Although cultural values generally prescribe open-mindedness, open-minded cognition systematically varies across individuals and situations. According to the Earned Dogmatism Hypothesis, social norms dictate that experts are entitled to adopt a relatively dogmatic, closed-minded orientation. As a consequence, situations that engender self-perceptions of high expertise elicit a more closed-minded cognitive style. These predictions are confirmed in six experiments.
Although cultural norms place a positive value on open-mindedness, open-minded cognition varies across individuals and situations (Ottati et al., 2015). For example, closed-mindedness is associated with a predisposition to experience psychological insecurity, and increases when individuals encounter morally objectionable viewpoints (e.g., communications advocating discrimination; Ottati et al., 2015).
In examining the determinants of open-minded cognition, the present paper focuses on self-perceptions of expertise. “Expert” designates someone who is relatively knowledgeable within
a domain. “Novice” designates someone who possesses a limited amount of knowledge (Delli Carpini & Keeter, 1992).
Individuals induced to believe they are experts tend to overestimate the accuracy of their beliefs. The Earned Dogmatism Hypothesis proposes that this finding arises, in part, because social norms entitle experts to adopt a more dogmatic cognitive orientation. Because experts have already given extensive thought to issues within a domain, they have “earned” the privilege of harboring more dogmatic opinions and beliefs. In contrast, social norms discourage individuals from being dogmatic when they possess a limited amount of knowledge. Expression of dogmatic convictions can be viewed as warranted, justified, or appropriate when the communicator possesses high expertise. This is less likely to be true when the communicator knows little about a topic. Social norms dictate that novices should adopt a more open-minded orientation.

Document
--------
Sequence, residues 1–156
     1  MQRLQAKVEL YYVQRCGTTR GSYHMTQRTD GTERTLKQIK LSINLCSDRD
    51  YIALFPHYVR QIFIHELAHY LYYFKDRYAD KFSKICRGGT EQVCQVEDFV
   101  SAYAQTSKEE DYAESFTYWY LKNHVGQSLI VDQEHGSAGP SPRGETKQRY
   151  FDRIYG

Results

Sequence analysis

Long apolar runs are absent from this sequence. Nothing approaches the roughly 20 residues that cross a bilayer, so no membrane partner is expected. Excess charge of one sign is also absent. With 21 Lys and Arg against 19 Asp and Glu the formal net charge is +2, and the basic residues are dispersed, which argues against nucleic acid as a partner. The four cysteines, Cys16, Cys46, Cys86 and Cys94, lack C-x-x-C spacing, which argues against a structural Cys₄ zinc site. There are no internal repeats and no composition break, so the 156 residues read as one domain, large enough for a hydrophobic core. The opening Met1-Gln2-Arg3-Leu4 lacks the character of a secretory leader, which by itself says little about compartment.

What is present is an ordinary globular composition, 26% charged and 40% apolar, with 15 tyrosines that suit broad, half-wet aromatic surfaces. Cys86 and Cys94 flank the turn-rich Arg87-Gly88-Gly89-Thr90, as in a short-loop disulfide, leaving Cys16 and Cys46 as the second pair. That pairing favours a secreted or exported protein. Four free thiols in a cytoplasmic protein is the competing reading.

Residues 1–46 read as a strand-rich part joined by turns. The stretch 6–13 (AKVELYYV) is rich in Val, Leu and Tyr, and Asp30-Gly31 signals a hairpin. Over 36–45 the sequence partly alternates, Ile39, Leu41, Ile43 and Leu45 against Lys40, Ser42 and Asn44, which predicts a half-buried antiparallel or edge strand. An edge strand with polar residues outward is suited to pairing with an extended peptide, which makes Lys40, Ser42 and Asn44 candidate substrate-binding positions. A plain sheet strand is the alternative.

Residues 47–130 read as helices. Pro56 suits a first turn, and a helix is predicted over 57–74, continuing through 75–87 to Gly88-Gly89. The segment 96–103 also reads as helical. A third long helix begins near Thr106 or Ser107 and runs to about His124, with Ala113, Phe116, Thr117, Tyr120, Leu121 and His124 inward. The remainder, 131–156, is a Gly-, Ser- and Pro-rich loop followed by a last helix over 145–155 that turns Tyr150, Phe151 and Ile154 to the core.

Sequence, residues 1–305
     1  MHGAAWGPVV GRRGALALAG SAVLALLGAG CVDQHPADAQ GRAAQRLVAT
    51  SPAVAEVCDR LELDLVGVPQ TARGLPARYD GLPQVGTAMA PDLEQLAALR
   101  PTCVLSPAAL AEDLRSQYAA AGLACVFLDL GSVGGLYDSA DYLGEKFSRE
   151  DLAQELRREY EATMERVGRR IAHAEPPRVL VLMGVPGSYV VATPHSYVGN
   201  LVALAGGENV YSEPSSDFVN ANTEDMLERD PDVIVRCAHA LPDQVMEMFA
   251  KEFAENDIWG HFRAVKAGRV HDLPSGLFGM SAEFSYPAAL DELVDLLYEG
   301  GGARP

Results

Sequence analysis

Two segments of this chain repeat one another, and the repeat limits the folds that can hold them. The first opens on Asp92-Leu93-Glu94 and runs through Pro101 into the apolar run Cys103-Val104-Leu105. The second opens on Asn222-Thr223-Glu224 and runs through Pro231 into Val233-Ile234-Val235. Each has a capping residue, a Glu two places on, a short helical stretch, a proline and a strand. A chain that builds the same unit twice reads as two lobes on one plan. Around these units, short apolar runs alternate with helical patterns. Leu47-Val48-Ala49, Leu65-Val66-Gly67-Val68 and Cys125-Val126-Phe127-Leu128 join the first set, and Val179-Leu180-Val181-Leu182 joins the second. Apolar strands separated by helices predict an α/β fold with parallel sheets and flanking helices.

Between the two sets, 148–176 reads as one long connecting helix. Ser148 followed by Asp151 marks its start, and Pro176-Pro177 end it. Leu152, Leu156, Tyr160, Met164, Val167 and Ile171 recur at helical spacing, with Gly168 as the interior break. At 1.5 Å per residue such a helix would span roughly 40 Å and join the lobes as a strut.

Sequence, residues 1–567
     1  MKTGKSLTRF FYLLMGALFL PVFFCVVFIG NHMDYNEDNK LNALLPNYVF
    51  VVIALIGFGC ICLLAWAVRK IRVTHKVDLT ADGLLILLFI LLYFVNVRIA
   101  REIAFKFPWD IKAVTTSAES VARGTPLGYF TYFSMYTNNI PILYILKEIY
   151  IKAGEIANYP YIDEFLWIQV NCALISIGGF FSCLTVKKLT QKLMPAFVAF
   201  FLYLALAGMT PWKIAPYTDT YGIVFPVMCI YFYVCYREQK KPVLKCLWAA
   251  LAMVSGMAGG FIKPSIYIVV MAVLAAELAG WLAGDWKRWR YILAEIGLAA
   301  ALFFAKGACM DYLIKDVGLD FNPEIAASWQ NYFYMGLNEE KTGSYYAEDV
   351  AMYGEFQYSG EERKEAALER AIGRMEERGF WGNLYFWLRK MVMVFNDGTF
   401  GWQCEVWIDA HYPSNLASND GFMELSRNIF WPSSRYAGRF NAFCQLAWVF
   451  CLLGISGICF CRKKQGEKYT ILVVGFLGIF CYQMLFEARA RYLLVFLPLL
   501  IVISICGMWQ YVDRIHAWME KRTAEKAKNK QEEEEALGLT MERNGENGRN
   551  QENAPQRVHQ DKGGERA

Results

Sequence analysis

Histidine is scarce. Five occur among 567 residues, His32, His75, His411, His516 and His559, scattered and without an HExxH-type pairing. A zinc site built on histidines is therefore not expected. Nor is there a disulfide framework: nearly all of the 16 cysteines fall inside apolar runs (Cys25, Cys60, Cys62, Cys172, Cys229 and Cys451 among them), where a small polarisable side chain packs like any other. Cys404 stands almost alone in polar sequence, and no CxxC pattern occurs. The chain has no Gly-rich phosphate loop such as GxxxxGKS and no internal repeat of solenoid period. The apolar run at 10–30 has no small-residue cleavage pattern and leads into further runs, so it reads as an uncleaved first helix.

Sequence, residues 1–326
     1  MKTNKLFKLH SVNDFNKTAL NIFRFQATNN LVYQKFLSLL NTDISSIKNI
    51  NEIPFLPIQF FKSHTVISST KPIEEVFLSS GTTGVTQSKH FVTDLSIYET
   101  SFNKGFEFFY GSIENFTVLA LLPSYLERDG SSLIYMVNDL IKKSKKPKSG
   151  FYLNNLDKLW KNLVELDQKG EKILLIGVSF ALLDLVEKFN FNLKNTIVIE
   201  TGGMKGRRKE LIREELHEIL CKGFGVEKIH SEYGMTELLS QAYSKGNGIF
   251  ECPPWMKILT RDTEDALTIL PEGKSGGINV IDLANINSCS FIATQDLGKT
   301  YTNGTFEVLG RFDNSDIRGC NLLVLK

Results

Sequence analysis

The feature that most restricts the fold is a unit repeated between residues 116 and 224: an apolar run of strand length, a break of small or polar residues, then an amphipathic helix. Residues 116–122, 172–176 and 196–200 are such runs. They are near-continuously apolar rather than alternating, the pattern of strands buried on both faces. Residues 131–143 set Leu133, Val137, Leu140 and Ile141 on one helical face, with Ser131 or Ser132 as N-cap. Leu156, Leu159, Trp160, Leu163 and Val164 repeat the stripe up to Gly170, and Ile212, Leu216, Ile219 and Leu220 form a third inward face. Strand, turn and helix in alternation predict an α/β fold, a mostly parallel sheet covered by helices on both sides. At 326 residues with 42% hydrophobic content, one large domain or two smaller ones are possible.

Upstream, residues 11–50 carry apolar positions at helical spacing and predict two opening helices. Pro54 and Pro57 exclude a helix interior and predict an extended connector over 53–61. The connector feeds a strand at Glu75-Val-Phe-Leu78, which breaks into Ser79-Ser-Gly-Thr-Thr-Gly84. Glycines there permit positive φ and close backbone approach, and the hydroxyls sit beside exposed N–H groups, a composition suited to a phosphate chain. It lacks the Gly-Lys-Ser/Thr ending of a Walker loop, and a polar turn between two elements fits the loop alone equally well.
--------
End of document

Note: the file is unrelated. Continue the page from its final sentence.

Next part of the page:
For example, self-perception of expertise (“I am knowledgeable”) may possess an affective component (“I feel powerful”). These cognitive and affective components of expertise might cause individuals to feel normatively entitled to formulate strong opinions that are defended in a dogmatic fashion. Consistent with the Earned Dogmatism Hypothesis, this interpretation presumes that the effect of expertise on open-minded cognition is mediated by normative entitlement.
Developing a Beginner’s Mindset
- Open Mindedness
Have an open mind to other suggestions and ideas that might not be close to your previous way of looking at things, empty your mind of preconceived notions and ideas. According to Shunryu Suzuki: